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The Hurricane settles lawsuit over pay practices

The Hurricane Restaurant, the local landmark known for its grouper sandwiches, has reached a legal settlement with 45 employees alleging unfair pay practices.   [LARA CERRI, Times]
The Hurricane Restaurant, the local landmark known for its grouper sandwiches, has reached a legal settlement with 45 employees alleging unfair pay practices. [LARA CERRI, Times]
Published Jul. 10, 2015

ST. PETE BEACH — The Hurricane Restaurant, the local landmark known for its grouper sandwiches, has reached a legal settlement with 45 employees alleging unfair pay practices.

The 37-year-old restaurant with rooftop views of the Gulf of Mexico will pay $67,000 to employees in varying amounts based on the hours worked and pay received from February to September 2013. Thirteen employees are getting more than $3,000.

The settlement is the result of a lawsuit filed by Roberto Robbins, 43, in August.

"I'm happy that everybody is going to get the money that's at least owed to them," said Robbins, who was a waiter there from 2011 to 2014. "I was talking to the lawyers and next thing I knew 30-some people were involved."

Rick Falkenstein, co-owner of the Hurricane and a St. Pete Beach city commissioner, referred questions to his brother, Bruno Falkenstein, who could not be reached for comment.

Among the allegations in the suit:

• The restaurant used money from the tip pool to cover the bill for customers who didn't pay;

• The Hurricane didn't pay the legal wage for overtime;

• It paid non-service employees such as dishwashers or bussers out of the pooled tips the wait staff collected.

Practices like these are common throughout the restaurant industry, according to Jason Bent, a professor at Stetson University College of Law who specializes in employment law.

"In general, it's hard to tell if an employer is doing it in good faith and they don't understand the law or if they are trying to get away with something. … It's illegal to the extent it drops wages below minimum wage," he said. "Aside from the law I don't find that practice (of making staff cover walkouts) very encouraging. To me it's a risk the employer is taking on. When customers walk out, it's not because the employee did something wrong."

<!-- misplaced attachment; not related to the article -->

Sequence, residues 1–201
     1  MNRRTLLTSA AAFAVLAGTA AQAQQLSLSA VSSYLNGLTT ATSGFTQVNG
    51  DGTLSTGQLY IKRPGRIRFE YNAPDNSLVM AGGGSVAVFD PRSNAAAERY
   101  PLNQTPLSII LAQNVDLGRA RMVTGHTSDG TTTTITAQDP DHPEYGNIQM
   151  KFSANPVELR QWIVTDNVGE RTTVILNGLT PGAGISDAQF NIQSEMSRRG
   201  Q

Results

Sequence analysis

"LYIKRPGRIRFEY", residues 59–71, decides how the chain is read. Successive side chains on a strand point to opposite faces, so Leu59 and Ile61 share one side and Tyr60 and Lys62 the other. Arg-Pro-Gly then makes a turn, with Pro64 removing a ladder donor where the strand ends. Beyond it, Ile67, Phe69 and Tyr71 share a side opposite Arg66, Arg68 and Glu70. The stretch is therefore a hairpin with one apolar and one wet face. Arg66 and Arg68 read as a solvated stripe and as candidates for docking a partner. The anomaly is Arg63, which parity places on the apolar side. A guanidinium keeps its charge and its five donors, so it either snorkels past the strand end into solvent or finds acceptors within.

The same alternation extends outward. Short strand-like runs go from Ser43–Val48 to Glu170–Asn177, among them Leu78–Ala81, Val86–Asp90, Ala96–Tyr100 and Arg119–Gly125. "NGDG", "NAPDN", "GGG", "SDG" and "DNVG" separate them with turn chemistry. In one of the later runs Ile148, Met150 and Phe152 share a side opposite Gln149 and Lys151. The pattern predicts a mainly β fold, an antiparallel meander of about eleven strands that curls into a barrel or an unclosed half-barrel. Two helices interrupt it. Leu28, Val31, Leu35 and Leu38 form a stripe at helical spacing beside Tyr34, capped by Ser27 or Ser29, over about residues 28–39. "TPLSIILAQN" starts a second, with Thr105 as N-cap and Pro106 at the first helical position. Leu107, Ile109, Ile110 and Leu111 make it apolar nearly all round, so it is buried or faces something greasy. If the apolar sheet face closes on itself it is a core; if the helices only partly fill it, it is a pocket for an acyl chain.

Clearwater lawyers John Gadd and Christina Thomas of Morgan & Morgan represented the clients. Gadd stressed that the Hurricane was not proven guilty because a settlement was reached before the case went to trial. He believes, however, the allegations his clients made are true.

Wait staff receive a lower minimum wage because they have the ability to earn tips. Florida's so-called "tipped minimum wage" is $5.03 an hour while the standard minimum wage is $8.05.

Robbins said he knew it was illegal for wait staff to be forced to share their tips with other employees making the full minimum wage.

"I told the managers, 'You can't take tips from us for the people you pay (full) hourly rates.' They said. 'If you don't like it you can always find another job somewhere else.' "

The "tipping out" practice is legal if the wait staff chooses to do it on their own, Gadd said.

Robbins said he was glad to share when he had a good night making $200 or more in tips, but he also had to share when he only made $30 or $40 on an eight-hour shift.

"It's ridiculous we had to pay for walkouts. We aren't the criminals, they are," he said. "I had three walkouts in four years. It's not like I was letting people do it. When the place gets busy you have to run get somebody their food out then you might have to pick up drinks from the bar. You're not just standing over one table watching them."

Times researcher Caryn Baird contributed to this report. Contact Katherine Snow Smith at or (727) 893-8785. Follow @snowsmith.


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